Only out of the box practices can ‘green’ Africa
By Isaiah Esipisu
As the curtains close for the United Nations Conference on Sustainable Development (Rio +20) in Rio de Janeiro, Brazil, a top agroforestry expert Dr. Dennis Garrity, has urged African farmers, experts and leaders to consider out-of-the-box practices to keep the continent green.
“Food per capita production in Africa has been declining since 1960s, yet population is increasing each year. Farm sizes are now rapidly declining. This means that there is a perfect storm of further challenges other than just climate change,” said Dr Garrity, the Distinguished Board of Research Fellow and the former Director General at the World Agroforestry Centre (ICRAF).
Prof Garrity was speaking at a side event alongside the Rio +20 conference organized by the United Nations and the Global Environment Facility (GEF).
He said that Africa must find extra ordinary agricultural solutions, since it was no longer ‘business as usual.’
“To save the situation, African agriculture must be transformed in the coming decades. With a population burgeoning to 1.8 billion people, at least twice as much food must be produced per year by 2050 to avoid wide spread starvation,” said Prof Garrity.
In Kenya for example, a team of 3000 households, all residents of Yatta in Eastern part of the country have managed to pull themselves out of hunger despite the drought in the semi-arid region.
In a movement known as Operation Mwolyo (food aid) Out (OMO), the farmers are using out-of-the-box practices to solve their problems. As a result, in the past two years, they have become food secure, where they are now exporting high value agricultural products to the outside world.
“We are using both ordinary and extraordinary methods of farming to extradite the ‘alien’ food-aid from our community. But most importantly, we first put any new method on trials, then modify them to fit local situations,” said Dr Bishop Titus Masika, the founder of the Christian Impact Mission, which is spearheading the OMO initiative.
Instead of planting maize seeds in a furrow land as it has been a tradition, farmers in Yatta first plant the seeds in a nursery (for easy watering), and transplant them later to Zai-pits. (Zai pits are square holes about two feet wide and a foot deep, filled with a mixture of manure and top soil. When it rains or rather when the pit is watered, experts say it can retain water for as long as two weeks. This is a technology borrowed from Burkina Faso).
“EverGreen agriculture is emerging as an affordable and accessible science-based solution to regenerate land on small scale farms, and to increase family food production and cash income,” said Dr Garrity.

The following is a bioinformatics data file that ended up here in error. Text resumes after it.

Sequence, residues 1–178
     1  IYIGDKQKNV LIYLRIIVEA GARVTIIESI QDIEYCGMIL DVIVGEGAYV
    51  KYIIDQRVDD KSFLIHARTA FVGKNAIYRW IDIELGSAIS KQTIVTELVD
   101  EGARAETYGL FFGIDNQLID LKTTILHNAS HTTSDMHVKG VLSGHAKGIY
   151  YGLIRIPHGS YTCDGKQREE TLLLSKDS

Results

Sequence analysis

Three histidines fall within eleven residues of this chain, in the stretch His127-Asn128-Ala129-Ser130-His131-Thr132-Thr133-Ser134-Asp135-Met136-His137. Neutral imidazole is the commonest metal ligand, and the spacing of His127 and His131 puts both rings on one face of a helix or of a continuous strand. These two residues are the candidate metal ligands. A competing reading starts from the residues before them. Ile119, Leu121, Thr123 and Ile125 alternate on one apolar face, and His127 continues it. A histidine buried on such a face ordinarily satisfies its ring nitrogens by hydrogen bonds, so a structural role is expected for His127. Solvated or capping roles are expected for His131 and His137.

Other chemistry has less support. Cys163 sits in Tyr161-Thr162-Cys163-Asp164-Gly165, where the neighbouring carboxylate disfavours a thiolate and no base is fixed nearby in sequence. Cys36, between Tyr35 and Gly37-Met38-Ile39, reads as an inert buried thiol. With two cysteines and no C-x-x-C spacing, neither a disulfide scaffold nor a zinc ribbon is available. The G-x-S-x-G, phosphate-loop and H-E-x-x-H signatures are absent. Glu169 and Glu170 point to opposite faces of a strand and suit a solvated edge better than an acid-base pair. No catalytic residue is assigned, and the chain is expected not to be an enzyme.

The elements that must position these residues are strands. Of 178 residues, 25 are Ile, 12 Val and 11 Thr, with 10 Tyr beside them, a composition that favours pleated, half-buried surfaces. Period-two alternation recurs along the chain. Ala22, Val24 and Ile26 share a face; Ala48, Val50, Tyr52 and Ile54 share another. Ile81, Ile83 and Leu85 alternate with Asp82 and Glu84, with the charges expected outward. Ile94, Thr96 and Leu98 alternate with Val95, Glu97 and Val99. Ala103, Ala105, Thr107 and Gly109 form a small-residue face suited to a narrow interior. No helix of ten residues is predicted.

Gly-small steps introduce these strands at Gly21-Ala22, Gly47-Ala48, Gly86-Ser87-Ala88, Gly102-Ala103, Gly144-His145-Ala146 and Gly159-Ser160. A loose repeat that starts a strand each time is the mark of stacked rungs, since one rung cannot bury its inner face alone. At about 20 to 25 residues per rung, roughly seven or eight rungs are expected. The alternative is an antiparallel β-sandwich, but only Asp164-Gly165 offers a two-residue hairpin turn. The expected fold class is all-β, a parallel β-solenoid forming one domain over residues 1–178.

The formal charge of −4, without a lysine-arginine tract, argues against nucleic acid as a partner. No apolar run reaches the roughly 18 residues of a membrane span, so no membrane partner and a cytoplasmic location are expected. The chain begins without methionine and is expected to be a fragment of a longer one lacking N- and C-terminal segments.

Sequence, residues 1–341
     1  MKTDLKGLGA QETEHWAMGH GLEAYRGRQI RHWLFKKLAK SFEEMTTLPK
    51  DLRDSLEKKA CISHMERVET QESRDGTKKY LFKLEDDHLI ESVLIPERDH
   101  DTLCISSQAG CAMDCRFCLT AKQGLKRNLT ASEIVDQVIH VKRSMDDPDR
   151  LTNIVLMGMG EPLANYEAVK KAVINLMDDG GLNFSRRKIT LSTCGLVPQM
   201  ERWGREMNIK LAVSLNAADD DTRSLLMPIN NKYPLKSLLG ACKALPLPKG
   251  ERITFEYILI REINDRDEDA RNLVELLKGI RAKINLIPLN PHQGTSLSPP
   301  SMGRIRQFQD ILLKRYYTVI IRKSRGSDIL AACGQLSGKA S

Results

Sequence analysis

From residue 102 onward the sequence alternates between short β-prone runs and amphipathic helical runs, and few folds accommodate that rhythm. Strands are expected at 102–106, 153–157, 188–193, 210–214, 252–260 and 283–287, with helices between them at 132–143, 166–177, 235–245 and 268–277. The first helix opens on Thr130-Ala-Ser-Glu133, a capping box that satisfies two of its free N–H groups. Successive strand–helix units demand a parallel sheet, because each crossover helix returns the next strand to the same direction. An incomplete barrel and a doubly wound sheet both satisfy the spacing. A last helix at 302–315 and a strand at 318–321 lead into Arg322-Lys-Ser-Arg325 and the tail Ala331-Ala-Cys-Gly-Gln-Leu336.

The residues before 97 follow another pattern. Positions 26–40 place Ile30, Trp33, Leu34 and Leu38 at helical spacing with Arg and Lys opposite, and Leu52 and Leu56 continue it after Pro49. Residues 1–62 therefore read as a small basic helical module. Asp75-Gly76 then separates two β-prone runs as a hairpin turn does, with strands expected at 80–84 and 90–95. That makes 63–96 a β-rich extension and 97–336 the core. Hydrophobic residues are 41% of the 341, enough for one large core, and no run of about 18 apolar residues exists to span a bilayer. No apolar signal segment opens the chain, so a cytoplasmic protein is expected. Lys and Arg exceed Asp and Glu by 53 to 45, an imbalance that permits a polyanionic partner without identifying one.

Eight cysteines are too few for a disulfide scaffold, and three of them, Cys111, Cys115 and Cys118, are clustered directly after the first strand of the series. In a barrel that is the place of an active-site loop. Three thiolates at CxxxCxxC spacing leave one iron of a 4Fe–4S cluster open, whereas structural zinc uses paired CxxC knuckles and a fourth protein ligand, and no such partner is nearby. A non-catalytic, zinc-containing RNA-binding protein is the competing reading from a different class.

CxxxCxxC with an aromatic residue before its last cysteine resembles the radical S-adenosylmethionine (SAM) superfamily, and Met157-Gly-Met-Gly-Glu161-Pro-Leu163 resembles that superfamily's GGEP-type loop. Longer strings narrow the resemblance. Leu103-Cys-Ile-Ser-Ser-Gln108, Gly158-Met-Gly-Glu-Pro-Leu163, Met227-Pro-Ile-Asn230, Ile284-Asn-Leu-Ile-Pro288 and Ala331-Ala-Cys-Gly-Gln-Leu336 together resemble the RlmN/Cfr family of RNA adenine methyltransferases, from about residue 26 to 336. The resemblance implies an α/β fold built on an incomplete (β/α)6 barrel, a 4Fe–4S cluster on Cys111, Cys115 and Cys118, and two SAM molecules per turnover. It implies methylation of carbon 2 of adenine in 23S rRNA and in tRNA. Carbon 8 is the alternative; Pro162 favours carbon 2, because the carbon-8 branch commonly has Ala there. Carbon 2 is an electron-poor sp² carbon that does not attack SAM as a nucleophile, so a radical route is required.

In this practice, farmers must plant both perennial and annual species consisting of trees and food crops. This according to experts, increases the soul fertility, retains moisture in the soil thus building the resilience of the farm enterprise to a variety of shocks – particularly in the changing climatic conditions.
“Millions of women and men farmers in Zambia, Malawi, Niger, Burkina Faso, and other countries are practicing the EverGreen agriculture. As a result, they are successfully restoring their exhausted soils with richer sources of organic nutrients, and dramatically increasing their crop yields and income,” Prof Garity told delegates at the Rio +20 conference.
Some of the most promising results according to the expert are coming from the integration of the trees that help in nitrogen fixation into cropping systems. “Such trees improve the soil by drawing nitrogen from the air and transferring it to the soil through their leave litter and roots,” said Prof Garrity.
For several years, scientists have been evaluating a variety of trees suitable for nitrogen fixation, and they found out that Caliandra, Sesbania, Yephrosia and Gricidia were some of the best placed trees for improving soil fertility.
The indigenous African acacia has also been found to be another good tree integrated in many African farming systems.
“African farmers must wake up and face the reality, or face a perfect storm of challenges just ahead,” warned Dr Garrity.
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Isaiah Esipisu is a freelance journalist who was contracted by ICARF to write this story.
Editing and additional links compiled by Yvonne Otieno